Hot Line Helper Finds Pain, Enrichment

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* Jim Rahn, 35

Occupation: National sales manager for steel products company.

Organization: Hotline Help Center

Address: P.O. Box 999, Anaheim, Calif., 92815. (714) 778-1000

Four years ago, Jim Rahn was searching for a way to fulfill the moral imperative of his Catholic faith to do good deeds.

He wanted to do something that demanded more of a commitment than the occasional paper drive or sporadic church work.

So he followed up on an item he had seen in the church bulletin, and it changed his life.

As a volunteer counselor for the Hotline Help Center, one of the county’s busiest crisis hot lines, Rahn has faced the most elemental of life’s needs: one human being needing another.


It has been painful and frustrating but also totally enriching, Rahn says.

“There are times when I have wanted to leave, but I feel this is what I do to give something back,” he said recently as he prepared to begin a five-hour evening shift at the hot line’s cramped offices in Orange.

His sudden emersion in human sorrow was a total departure for the 35-year-old Rahn, whose background as a mechanical engineer gave him no training in counseling or psychology.

“There was a lot of trepidation, especially about the suicide callers, that was scary, but I also had a lot of confidence that having worked closely with people in sales, I could offer some insights,” he explained.

As part of the program, Rahn received more than 60 hours of training in drug-abuse counseling, crisis intervention and how to deal with suicidal callers. After the training, volunteers spend a minimum of three sessions observing supervisors at work before venturing out on their own.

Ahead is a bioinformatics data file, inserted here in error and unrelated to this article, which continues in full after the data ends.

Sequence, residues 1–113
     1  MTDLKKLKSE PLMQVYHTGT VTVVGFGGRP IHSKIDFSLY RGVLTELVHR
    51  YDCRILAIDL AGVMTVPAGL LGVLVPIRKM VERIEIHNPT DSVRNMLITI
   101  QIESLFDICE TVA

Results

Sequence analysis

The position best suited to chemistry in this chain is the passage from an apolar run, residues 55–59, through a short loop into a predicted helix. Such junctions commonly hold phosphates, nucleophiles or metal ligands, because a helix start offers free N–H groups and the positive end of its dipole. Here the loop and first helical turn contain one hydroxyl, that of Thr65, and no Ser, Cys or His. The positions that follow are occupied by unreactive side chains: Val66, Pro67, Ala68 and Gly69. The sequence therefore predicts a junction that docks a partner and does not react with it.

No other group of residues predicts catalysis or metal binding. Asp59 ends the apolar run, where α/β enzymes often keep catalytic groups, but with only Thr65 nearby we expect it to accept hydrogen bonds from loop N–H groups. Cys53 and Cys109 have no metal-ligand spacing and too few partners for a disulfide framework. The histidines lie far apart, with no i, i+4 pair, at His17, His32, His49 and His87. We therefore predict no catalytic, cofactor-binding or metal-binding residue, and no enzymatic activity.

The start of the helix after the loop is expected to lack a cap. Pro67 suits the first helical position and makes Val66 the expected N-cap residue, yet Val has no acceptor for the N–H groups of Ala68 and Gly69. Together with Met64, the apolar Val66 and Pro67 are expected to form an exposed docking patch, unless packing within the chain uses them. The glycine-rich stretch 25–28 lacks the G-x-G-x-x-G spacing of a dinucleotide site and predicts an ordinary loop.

Rahn has had to develop a resilient emotional hide to weather the ups and downs of manning a crisis hot line. In a field where burnout and high turnover are occupational hazards, he has been able to endure by limiting himself to one weekly five-hour shift.

“Some nights I go home and I’m wiped out, and other nights I’m fine,” he said. “Over the years, I’ve become very realistic about what I can and can’t do. While the goal is to help everyone, the expectation is we will help very few.”


Most problematic, of course, are the suicide callers--and the frustration is not knowing how such cases turn out. Rahn cites the case a few years ago of a man suffering through the latter stages of AIDS who had overdosed on pills. After alerting police and paramedics, Rahn said he never learned how long the man survived.

But there are also the times when a regular will call in asking to speak to his friend “Jim,” and on such occasions Rahn feels as if a link has been established and the relationship is not so anonymous. “I get a little back and feel like I’ve given something to them.”

Rahn, a bachelor who grew up in a close-knit family, said the amount of pain and dysfunction “right here in one of the most affluent communities” has been a revelation.

But his work has served to reinforce his faith and lend perspective to his own life. “When I leave here, a lot of the problems I thought I had . . . tend to diminish,” he said.